When Damascus dies
Listen. One day Damascus won’t exist anymore,
Except as a pile of broken stones.
2People will desert towns in and around Aroer.
Untended flocks will graze freely in the fields,
With no one to scare them away.
3Ephraim’s towns won’t need to worry
About defenses such as city walls.
The Damascus threat will end.
Syrian survivors will share the fate
That is coming to Israelite people.
The LORD of everyone says so.
Israel falls, Rephaim Valley goes silent
4When this happens
The Israelite golden age
Dives to dirt.
Its economy breaks,
People lose it all.
5The land will look as bare
As a field picked clean,
Silent and naked in Rephaim Valley.
6You’ll find no more people
Than olives in a harvested tree.
Two or three here and there,
Four or five high and low.
That’s what the LORD says,
7This is when Israel will come back to God.
They’ll look to their Holy One for help.
Isaiah 17, Casual English Bible
See Rephaim Valley in Joshua 15:8 also as northern boundary
The northern boundary follows a line along these locations:
Beth-hoglah north of Beth-arabah and the Bohan Stone, named after Reuben’ son. 7It climbs out of Trouble Valley and continues to Debir and then north to Gilgal. Gilgal faces Adummin Hill, which is south of the dry creek. It goes on the En-shemesh springs of water and to En-rogel. 8The boundary continues along the Son of Hinnom Valley. It doesn’t include Jerusalem, where Jebusites live. The boundary runs along the Jerusalem hillside just south of the city. Then it climbs to the top of the hill on the west side of Hinnom Valley. That’s at the north end of the Valley of Rephaim.
9Judah’s northern boundary runs over to the Nephtoah spring and to the towns on Mount Ephron. It includes Baalah, a city also called Kiriath-jearim. 10The boundary continues west to Mount Seir. And it runs along the north hillside of Mount Jearim, also known as Chesalon, and then on to Beth-shemesh and to Timnah. 11From there, it continues to Ekron’s northern hill. Then it moves along to Shikkeron, Mount Baalah, Jabneel, and ends at the Mediterranean Sea.
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Solomon's JerusalemKing Solomon's Jerusalem sat on ridge and stretched about one kilometer (3/4 miles) from the Temple Mount on the top of the ridge, down to Lower Jerusalem called the City of David. King David's Jerusalem was about half as big. Solomon added the Temple and surrounding area later.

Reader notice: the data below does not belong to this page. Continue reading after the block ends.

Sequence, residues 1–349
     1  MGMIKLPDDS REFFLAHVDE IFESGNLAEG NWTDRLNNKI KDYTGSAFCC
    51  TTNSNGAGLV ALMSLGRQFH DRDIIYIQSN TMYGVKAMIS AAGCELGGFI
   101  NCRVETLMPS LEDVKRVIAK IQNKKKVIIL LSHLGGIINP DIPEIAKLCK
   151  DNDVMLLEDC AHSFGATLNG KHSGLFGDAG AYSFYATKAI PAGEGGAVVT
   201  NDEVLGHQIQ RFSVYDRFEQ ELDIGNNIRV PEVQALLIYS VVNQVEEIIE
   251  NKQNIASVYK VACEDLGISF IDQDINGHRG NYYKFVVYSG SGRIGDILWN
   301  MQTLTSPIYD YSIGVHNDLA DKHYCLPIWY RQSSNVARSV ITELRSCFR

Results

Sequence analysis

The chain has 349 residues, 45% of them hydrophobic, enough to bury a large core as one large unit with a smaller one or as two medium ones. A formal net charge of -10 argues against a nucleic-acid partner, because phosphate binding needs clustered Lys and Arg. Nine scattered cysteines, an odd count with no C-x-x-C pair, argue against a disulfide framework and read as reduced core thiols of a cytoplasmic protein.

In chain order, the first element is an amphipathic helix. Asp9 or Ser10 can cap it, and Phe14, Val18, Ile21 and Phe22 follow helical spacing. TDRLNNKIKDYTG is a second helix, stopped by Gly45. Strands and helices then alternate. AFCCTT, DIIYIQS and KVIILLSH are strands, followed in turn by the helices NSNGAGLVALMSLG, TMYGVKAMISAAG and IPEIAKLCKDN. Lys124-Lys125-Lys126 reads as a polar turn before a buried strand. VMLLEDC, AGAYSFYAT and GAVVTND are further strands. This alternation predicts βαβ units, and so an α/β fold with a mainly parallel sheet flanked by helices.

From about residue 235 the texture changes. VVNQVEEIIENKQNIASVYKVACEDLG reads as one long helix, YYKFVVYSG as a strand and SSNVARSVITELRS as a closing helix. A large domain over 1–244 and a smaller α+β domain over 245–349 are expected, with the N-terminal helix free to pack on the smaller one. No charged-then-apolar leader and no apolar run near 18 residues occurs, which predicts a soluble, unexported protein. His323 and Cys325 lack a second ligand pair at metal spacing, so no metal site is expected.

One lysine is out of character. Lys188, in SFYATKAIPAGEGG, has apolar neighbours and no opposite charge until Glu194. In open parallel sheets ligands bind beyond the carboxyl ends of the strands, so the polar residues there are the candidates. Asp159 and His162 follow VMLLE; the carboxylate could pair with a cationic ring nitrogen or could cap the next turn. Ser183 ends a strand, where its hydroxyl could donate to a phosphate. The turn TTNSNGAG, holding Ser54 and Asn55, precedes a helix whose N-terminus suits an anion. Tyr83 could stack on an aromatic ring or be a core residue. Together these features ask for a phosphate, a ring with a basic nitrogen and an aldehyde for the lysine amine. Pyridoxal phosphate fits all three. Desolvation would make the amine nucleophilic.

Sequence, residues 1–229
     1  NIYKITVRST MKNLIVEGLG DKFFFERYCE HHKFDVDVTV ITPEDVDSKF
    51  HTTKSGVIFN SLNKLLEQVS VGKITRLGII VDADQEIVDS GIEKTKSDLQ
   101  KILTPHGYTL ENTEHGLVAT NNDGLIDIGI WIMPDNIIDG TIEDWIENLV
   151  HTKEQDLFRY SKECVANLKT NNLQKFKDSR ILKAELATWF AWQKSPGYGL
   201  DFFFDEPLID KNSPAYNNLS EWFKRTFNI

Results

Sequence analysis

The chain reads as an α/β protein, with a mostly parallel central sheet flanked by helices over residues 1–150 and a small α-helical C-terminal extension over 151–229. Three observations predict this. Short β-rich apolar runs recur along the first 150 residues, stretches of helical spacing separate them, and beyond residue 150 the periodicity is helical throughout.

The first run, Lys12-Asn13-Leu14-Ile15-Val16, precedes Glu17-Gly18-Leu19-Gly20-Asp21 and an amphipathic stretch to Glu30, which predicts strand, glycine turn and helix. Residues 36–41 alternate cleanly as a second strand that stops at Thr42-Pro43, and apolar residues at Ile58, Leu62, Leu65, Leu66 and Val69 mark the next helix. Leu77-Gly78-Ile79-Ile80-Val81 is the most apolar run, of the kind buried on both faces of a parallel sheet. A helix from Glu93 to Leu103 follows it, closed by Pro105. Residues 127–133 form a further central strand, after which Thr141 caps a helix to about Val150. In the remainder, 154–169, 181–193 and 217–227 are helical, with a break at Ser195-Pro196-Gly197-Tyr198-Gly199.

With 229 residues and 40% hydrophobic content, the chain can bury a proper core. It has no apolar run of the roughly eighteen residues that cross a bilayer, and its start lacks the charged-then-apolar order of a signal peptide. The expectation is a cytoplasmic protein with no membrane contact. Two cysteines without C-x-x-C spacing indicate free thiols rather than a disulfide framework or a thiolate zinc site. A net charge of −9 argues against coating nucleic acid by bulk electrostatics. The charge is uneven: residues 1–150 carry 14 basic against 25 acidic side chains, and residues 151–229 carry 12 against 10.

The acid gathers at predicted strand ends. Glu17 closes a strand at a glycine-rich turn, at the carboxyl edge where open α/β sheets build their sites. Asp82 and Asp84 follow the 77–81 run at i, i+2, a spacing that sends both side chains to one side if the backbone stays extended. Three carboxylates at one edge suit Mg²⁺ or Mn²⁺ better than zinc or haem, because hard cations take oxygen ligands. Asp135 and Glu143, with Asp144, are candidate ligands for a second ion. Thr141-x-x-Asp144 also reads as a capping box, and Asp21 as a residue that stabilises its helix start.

Kings after Solomon began extending Jerusalem to the west. The Jerusalem of Jesus, during the Roman occupation of Israel, was much larger...until Rome crushed a Jewish revolt and destroyed the city in AD 70. That was the last Temple the Jews ever had. Arab invaders conquered the land and 1400 years ago built a Muslim shrine on the Temple Mount. It's now Jerusalem's most famous landmark: the Dome of the Rock.
For another angle on Jerusalem, see the map with Nehemiah 7. Here's a sampling of King Solomon's unusual writing, which many scholars say was written centuries later by a writer borrowing Solomon's name.
WHATEVER WE DO, IT’S A WASTE OF TIME1David’s son, the Scholar and King of Jerusalem, offers these observations
2It’s a pitiful waste of time, the Scholar says.
It’s all worthless and meaningless.
3What do people get for all their hard work,
For spilling their sweat under the sun?
4A generation dies and another is born,
But it makes no difference to the everlasting earth.
5The sun rises. The sun sets.
Then it races all night to rise again.
6The wind blows north.
The wind blows south.
The wind blows round and round.
It follows its route, comes back home,
Then it starts all over again.
7Rivers and streams flow into the sea
But the sea always has room for more.
So, water returns to the streams where it came from
And the streams flow back to the sea.
8Everything is exhausting,
Too exhausting for words.
What we see isn’t satisfying.
8What we hear isn’t good enough.
Ecclesiastes 1:1-8, Casual English Bible